Exactly one year ago I ventured into the deep waters of the 'blogosphere, inspired by the likes "of Tom, tdaxp, Zenpundit, Shlok, Soob" to "see how deep this rabbit hole goes."
After 213 blog posts (many from my Treo 680), 37,873 hits (since we started tracking in late August of last year), many face-to-face meetings with Überbloggers whom I had only known online before taking the red pill, and a vastly expanded Blogroll, the ride keeps getting better.
My humble thanks to all who have visited, commented, advised, challenged and cajoled. I have learned volumes, and hope that the coming years will continue to present even greater opportunities for exchanging ideas in order to make our world a better place.
Wizards is Global!
Wizards of Oz is officially global! Today, at 10:40am, we had our first visitor from the continent of Africa -- in particular, the nation of South Africa. We've had visits from all other continents (except Antarctica) in our first three months of blogging -- so "Baie dankie" to Midrand, Gauteng!
Welcome to the Emerald City
I've long been fascinated by the story of the "Wizard of Oz": from the movie (a staple of most Americans' childhood) to, later in life, L. Frank Baum's 1900 book and our all-time favorite Broadway play Wicked.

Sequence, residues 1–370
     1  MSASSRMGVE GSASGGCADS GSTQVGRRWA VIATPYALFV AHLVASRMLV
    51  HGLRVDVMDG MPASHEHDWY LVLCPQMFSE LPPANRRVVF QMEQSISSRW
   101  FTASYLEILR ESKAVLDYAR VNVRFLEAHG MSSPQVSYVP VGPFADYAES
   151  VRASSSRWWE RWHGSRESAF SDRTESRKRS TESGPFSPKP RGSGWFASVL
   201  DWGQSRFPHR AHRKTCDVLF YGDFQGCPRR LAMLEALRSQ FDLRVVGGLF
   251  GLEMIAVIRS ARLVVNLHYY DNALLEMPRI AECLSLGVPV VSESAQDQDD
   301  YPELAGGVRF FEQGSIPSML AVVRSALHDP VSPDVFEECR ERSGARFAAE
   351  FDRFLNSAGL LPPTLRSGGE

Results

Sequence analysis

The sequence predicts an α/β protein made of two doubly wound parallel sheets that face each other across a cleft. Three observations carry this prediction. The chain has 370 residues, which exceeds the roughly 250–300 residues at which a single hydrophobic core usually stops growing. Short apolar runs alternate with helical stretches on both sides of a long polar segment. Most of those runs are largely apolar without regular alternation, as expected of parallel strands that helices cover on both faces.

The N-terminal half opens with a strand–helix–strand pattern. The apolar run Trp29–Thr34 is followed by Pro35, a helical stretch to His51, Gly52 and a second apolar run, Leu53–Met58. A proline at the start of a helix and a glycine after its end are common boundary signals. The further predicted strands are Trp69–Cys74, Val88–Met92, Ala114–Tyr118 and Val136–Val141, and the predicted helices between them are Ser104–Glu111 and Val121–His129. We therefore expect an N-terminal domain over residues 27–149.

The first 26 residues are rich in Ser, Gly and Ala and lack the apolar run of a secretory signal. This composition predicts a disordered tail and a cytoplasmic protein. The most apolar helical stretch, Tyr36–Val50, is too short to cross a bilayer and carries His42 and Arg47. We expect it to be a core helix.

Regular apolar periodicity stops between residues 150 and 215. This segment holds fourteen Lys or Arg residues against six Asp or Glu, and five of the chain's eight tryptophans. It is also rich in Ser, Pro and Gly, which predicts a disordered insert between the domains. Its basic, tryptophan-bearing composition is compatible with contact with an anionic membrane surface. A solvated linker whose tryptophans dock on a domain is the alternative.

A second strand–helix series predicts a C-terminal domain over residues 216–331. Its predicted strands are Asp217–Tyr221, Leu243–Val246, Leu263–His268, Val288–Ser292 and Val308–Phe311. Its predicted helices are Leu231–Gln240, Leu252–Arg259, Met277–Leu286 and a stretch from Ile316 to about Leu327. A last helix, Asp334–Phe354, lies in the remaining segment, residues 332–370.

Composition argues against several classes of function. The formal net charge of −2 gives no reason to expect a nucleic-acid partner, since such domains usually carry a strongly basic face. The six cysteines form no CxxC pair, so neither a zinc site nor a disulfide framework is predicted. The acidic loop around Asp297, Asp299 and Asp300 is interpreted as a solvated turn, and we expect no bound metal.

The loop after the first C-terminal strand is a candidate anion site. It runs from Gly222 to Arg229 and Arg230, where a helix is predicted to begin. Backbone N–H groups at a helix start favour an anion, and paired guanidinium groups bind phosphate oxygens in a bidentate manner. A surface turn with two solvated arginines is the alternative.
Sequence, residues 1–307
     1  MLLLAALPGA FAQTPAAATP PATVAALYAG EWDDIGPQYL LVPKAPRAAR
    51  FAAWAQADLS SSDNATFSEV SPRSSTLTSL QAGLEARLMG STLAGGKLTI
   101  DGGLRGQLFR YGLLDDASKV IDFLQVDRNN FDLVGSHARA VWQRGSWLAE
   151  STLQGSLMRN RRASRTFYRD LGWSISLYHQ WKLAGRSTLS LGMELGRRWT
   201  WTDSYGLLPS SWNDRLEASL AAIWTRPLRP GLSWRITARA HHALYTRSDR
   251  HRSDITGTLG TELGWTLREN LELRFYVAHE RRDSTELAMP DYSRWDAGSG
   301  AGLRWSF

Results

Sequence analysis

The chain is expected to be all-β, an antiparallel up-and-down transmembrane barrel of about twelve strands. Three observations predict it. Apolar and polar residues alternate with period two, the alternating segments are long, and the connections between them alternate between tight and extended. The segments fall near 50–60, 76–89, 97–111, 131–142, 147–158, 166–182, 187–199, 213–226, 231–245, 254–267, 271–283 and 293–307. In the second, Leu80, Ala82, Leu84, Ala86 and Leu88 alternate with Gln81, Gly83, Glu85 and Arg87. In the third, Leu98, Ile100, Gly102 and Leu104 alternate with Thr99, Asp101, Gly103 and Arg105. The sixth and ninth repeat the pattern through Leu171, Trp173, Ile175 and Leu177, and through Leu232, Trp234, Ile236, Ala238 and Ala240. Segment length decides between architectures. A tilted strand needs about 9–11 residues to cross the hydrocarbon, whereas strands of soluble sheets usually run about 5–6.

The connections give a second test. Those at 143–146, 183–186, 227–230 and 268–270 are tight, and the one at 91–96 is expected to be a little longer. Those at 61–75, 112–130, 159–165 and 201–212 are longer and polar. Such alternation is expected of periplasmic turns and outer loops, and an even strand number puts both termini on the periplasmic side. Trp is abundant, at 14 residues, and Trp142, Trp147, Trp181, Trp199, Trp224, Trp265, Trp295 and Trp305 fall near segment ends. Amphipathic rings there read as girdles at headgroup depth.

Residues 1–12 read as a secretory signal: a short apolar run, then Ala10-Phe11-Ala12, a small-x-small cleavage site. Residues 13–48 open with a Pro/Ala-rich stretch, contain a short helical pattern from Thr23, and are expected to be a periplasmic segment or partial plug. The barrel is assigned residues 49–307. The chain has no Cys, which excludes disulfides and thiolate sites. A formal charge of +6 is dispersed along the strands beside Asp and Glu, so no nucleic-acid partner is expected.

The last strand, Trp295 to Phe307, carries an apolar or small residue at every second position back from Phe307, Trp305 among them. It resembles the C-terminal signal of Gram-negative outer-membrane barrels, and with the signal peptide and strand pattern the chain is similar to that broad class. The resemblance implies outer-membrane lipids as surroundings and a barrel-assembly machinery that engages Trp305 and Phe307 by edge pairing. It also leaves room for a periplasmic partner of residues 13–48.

Beyond the feel-good tale of a young girl who just wants to go home, Oz presents numerous character studies that are germane to many of my professional and personal fascinations.
Central to these is the role of the Wizard. To some, he is simply helping others liberate the talent already within them. But to others, he is a charlatan with no real powers of his own who uses fear and intimidation to preserve his authority.
I fall in the latter category. After all, what did the Wizard ever really do for the Cowardly Lion, Tin Man and Scarecrow except give them placebos in the place of real solutions? A ticking clock for a heart? C'mon...
Therefore, the Wizard is a master of Fifth Generation Warfare -- able to twist perceptions so that the very context by which we judge the world is altered.
The story is further enriched by Gregory Maguire's 1995 novel Wicked: The Life and Times of the Wicked Witch of the West and Stephen Schwartz's brilliant Broadway musical adaptation Wicked, which challenge all of our presumptions about the characters in Baum's original work. It's a telling tale of our willingness to accept what we're shown (be it from the mainstream media, our schools, our churches, or any other seemingly authoritative source of information) rather than to think for ourselves. The subtitle on this 'blog (Life is fraughtless ... when you're thoughtless!) is a quote from the character Fiyero, a vain and lazy prince we encounter in Schwartz's play.
So, this 'blog is intended to be a forum for challenging our mainstream opinions, for identifying the Wizards in our midst, and for seeing the true intentions of the Witches in our hearts.